Aluminum dome peripheral venting facilitates overfill with minimal damage or no damage to the dome roof. Any resulting damage to the dome roof can typically repaired without removal of the tank from service. Overfill slots are not desired due to reduced operating capacity.

OVERFILL in a cone roof tank causes damage to frangible roof.

Steam Release is primarily a concern on heated tanks.

Gas Injection These types of incidents can also damage the internal floating deck; however, if the tank is equipped with circulation venting the damage is typically limited to the floating deck.

Over Pressure Event

Product Reactions storing certain products, such as Styrene, that can polymerize with release of significant pressure. These tanks are often equipped with dome roofs and tank shells are anchored to a counterweight to prevent uplift. External fire exposure is the basis for the NFPA minimum requirement. Internal deflagration within an aboveground storage tank is the most severe but also a very rare incident. API research should produce a program to determine vent requirements based on product storage variables.

Internal deflagration within an aboveground storage tank is the most severe but also a very rare incident.

Earthquake is only a risk in certain areas but the damage effects can be substantial. The sloshing of product can cause uplift on the fixed roof and this may damage or cause failure of the frangible joint, fixed roof support structure (cone roof columns, rafters, and aluminum dome supports and framing) and shell.

Shell and bottom damage resulting from seismic event. Note the plastic deformation due to uplift. (submitted by John Lieb, Tank Industry Consultants)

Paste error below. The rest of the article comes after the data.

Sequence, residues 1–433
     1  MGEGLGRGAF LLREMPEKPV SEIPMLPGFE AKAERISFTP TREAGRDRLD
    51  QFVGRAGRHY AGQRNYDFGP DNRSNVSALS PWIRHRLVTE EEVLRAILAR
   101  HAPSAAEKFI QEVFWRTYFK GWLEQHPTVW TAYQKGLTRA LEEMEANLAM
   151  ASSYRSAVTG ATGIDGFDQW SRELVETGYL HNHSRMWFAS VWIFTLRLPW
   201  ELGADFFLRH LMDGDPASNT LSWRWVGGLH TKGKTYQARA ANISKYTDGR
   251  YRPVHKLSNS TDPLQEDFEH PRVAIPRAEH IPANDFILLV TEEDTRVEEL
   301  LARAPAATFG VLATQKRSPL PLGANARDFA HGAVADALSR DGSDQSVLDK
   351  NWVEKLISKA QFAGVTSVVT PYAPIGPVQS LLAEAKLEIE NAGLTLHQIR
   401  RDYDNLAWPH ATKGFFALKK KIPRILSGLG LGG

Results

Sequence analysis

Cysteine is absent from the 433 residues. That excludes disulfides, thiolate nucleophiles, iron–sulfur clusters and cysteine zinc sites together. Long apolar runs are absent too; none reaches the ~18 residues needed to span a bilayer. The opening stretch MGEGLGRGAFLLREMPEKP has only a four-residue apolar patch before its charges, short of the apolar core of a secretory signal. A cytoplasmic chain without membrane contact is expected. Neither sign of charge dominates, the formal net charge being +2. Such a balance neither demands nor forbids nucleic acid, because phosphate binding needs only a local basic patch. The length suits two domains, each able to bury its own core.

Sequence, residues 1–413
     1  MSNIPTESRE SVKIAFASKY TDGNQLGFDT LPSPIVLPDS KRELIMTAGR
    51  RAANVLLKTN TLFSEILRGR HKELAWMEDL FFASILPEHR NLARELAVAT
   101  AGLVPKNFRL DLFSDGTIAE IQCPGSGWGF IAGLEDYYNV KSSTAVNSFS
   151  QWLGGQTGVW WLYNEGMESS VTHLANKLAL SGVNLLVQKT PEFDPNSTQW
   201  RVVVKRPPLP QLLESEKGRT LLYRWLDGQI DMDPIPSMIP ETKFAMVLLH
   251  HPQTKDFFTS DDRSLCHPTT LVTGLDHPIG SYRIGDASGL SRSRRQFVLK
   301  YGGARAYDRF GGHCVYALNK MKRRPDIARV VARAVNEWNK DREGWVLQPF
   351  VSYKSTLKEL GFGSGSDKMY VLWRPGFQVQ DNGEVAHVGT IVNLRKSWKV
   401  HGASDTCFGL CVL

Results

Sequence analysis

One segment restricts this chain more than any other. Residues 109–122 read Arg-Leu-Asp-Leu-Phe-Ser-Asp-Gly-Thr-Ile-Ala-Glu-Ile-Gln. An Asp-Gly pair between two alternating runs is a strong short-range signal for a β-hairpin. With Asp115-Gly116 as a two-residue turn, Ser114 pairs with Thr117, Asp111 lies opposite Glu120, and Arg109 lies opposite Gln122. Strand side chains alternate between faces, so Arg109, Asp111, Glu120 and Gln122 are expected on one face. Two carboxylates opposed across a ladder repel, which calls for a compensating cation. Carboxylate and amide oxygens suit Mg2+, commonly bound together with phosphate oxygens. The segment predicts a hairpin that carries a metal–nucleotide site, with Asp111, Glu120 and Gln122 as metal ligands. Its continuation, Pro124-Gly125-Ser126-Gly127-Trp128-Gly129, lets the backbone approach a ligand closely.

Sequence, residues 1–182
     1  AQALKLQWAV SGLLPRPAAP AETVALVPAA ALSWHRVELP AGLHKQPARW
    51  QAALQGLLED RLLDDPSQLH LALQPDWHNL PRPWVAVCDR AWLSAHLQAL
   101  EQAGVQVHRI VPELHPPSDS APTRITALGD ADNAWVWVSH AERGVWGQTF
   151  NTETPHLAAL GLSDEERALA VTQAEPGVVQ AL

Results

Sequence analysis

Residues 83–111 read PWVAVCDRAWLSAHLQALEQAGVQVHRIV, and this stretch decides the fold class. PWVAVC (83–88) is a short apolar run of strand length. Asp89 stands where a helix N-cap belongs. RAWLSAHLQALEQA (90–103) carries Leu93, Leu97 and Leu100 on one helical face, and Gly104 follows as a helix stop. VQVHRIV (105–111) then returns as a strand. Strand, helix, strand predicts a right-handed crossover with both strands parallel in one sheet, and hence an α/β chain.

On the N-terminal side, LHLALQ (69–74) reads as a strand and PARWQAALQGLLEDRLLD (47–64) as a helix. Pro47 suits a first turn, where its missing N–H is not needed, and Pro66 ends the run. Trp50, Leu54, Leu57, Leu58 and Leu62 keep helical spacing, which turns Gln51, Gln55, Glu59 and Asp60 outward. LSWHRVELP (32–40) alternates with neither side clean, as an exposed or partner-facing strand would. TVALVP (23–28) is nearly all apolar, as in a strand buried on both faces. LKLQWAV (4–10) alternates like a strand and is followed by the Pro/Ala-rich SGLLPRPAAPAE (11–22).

PRESSURE RELEASE ALTERNATIVES Alternate Frangible Roof Joint Details for small tanks are offered; however, cost to document these will likely prohibit adding these to the Standard. Counterweight Anchorage of the tank shell and reinforced shell to bottom joints.

PRESSURE RELEASE ALTERNATIVES (CONT) Relative Strength of Roof-to-Shell and Bottom-to Shell Joints research completed will likely allow for further reduction of the 50 diameter limit. Allowable uplift and impact on attached piping will also be considered.

PRESSURE RELEASE ALTERNATIVES (CONT) API 650 G Structurally Supported Aluminum Dome roof peripheral flashing (not sealed to tank) may be documented to provide vent area contribution.

PRESSURE RELEASE ALTERNATIVES (CONT) API 650 G Structurally Supported Aluminum Dome roof peripheral flashing uplift (resulting in no shell damage) may be repaired without removal of tank from service.

PRESSURE RELEASE ALTERNATIVES (CONT) Deflagration Venting research conducted with oversight from the PVRC and support from API provides a mechanism to evaluate venting of partial volume deflagrations.

CONCLUSION To minimize the impact of internal over pressure incidents, attention should be paid to the causes, frequency and resulting damage. Some causes can be efficiently avoided. Fixed and floating roof types and details allowing for internal pressures to be safely vented with minimal damage are preferred. Attention must be made to tank operation, tank condition and modifications. Determine vent requirements based on product storage variables and operating risks.